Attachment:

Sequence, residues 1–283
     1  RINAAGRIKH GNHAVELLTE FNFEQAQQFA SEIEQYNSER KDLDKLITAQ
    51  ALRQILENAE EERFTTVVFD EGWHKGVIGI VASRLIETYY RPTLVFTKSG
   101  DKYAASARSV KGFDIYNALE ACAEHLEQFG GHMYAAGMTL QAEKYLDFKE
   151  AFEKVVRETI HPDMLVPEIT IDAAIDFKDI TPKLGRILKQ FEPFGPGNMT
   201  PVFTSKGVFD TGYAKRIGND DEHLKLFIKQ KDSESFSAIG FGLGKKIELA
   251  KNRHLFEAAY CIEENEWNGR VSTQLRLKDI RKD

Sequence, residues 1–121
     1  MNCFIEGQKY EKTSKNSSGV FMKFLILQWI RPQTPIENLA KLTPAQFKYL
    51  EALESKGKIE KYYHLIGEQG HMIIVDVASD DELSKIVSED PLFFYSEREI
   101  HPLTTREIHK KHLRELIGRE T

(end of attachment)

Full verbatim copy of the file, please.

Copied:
Sequence, residues 1–283
     1  RINAAGRIKH GNHAVELLTE FNFEQAQQFA SEIEQYNSER KDLDKLITAQ
    51  ALRQILENAE EERFTTVVFD EGWHKGVIGI VASRLIETYY RPTLVFTKSG
   101  DKYAASARSV KGFDIYNALE ACAEHLEQFG GHMYAAGMTL QAEKYLDFKE
   151  AFEKVVRETI HPDMLVPEIT IDAAIDFKDI TPKLGRILKQ FEPFGPGNMT
   201  PVFTSKGVFD TGYAKRIGND DEHLKLFIKQ KDSESFSAIG FGLGKKIELA
   251  KNRHLFEAAY CIEENEWNGR VSTQLRLKDI RKD

Sequence, residues 1–121
     1  MNCFIEGQKY EKTSKNSSGV FMKFLILQWI RPQTPIENLA KLTPAQFKYL
    51  EALESKGKIE KYYHLIGEQG HMIIVDVASD DELSKIVSED PLFFYSEREI
   101  HPLTTREIHK KHLRELIGRE T